Congressman Waxman, you heard Barton Gellman talk about the exceptional lengths to which the vice president's office goes to maintain its separateness, I suppose, from a lot of the oversight issues. What is your reaction to that?
REP. HENRY WAXMAN (D), California: We have no question that Vice President Cheney is powerful, but our system is not geared to making a concentration of power in any one branch of government. Vice President Cheney believes that the executive branch is the predominant power, but our framers of our Constitution wanted checks and balances, because when people get too powerful, they get arrogant.
And I think that's what's happening to Vice President Cheney. He doesn't feel that he has to make information available. He doesn't feel his actions have to be transparent to the Congress or to the American people. It's as if the government belonged to him and not to the people.
And transparency is so important for accountability; in a democracy like ours, that is fundamental. And so the oversight that has not been there to provide checks came because of the Republicans' control of the Congress for 12 years. They didn't want to do oversight that might embarrass the president or the vice president.
And even when we have systems like the power of the Archives to check on the mechanisms for protecting national security information that's in the hands of the vice president and other executive branch agencies, according to the president's executive order, Vice President Cheney said, "Well, I'm not a member of the executive branch," which is, of course, ludicrous. Then he went on to say, "We ought to fire these people. They shouldn't be allowed to ask these questions."
So I think it's a real threat to our system of government, and the biggest threat is that, as we have seen, the government is more likely to make serious mistakes unless they're transparent, unless they're accountable, unless they get feedback from others, not just from those who agree with them.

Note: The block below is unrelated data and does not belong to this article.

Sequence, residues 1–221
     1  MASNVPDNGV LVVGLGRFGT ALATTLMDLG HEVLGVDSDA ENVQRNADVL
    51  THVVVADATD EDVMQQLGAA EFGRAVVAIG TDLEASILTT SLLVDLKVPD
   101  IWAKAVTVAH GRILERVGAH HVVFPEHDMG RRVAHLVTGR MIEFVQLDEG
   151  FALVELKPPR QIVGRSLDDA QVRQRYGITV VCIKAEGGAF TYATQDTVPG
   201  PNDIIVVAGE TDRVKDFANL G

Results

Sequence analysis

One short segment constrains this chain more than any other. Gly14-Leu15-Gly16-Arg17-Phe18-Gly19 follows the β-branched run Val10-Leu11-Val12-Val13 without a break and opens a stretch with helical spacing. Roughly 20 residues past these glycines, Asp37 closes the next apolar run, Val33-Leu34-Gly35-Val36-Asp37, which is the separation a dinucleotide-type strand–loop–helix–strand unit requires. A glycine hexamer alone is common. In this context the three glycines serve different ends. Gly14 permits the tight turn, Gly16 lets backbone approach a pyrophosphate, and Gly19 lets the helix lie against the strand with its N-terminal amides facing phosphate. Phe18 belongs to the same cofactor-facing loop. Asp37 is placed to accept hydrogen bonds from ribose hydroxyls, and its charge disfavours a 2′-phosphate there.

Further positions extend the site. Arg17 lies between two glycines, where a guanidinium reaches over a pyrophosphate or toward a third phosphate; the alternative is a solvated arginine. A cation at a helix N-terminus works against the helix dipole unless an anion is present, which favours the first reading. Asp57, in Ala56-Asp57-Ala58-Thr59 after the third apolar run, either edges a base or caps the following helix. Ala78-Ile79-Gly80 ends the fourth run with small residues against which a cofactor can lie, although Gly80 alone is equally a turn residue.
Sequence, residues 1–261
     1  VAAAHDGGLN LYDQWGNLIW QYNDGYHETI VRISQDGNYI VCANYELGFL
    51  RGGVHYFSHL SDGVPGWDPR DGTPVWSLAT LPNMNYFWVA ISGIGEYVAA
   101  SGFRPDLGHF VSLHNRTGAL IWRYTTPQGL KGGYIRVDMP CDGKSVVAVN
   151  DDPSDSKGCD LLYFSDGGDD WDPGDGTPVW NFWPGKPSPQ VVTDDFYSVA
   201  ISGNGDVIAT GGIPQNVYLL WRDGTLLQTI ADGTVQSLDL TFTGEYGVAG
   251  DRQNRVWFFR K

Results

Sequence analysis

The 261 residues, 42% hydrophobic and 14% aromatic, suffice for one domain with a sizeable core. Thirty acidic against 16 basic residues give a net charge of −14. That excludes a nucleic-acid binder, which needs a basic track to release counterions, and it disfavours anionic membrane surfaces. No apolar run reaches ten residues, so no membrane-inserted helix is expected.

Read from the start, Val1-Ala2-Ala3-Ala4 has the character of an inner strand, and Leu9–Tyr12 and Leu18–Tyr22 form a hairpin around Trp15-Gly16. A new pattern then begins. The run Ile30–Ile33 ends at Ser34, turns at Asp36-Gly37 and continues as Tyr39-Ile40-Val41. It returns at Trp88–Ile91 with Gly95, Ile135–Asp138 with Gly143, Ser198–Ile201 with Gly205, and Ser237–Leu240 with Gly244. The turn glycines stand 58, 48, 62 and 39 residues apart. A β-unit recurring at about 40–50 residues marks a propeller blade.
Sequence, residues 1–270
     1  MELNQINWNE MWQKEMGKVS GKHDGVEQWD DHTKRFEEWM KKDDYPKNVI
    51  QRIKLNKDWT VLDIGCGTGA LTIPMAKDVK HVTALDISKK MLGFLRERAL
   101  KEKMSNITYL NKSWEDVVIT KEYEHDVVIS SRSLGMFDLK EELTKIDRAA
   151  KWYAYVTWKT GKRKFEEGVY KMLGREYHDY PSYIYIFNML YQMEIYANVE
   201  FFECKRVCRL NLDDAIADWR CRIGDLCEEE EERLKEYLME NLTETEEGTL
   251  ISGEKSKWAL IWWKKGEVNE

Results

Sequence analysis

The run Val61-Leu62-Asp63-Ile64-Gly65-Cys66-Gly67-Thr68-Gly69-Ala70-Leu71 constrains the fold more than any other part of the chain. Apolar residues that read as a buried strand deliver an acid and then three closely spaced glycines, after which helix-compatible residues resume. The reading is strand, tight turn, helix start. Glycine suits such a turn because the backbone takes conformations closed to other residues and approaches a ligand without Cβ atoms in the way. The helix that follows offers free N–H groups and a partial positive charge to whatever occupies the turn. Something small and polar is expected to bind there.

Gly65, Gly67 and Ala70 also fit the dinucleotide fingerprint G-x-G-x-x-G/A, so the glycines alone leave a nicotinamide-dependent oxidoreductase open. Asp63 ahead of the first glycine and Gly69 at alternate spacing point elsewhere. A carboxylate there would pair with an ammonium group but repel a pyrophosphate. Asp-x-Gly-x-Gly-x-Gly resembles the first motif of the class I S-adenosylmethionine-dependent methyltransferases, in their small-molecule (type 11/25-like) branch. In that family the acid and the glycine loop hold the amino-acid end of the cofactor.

GWEN IFILL: Lee Casey, what about this transparency issue? Do you think that the vice president's office has been as transparent as it needs to be?
LEE CASEY, Former U.S. Staff Attorney: Well, I do. The vice president has no independent executive authority. Whatever authority he is exercising has been delegated to him by the president. The president seems to be pleased with his job. I mean, obviously, George Bush is a man of strong opinions who knows how to express them, and he has continued the vice president in this role throughout his term in office.
The vice president's job is to advise the president. And that, by and large, is best done in private. A president wants to know what people really think. He doesn't want to know what they want on the front page of the Washington Post on Monday.
GWEN IFILL: Are there balance-of-power issues which come into play here?
LEE CASEY: Well, I don't think so, because, again, the vice president here is exercising presidential authority. His own authority under the Constitution is very limited. Indeed, it is true he is not obviously a member of the executive branch; he's not obviously a member of the legislative branch. He straddles the two.
And the framers understood this, and it bothered some of them. But they felt that that was the best role for this very unique figure, who really is in waiting, does not exercise executive authority unless something happens to the president, and who presides over the Senate, has something of a legislative role, but isn't actually a legislator. He's not permitted to vote unless they're equally divided. He can't participate in debates.
Interpretation of executive power
GWEN IFILL: Congressman Waxman, what do you think of that interpretation of executive power?
REP. HENRY WAXMAN: I don't think it makes any sense. The vice president is refusing to comply with the order of the president. It's an executive order of the president. He complied with it when he first came into office and then decided he didn't want to be bothered any longer.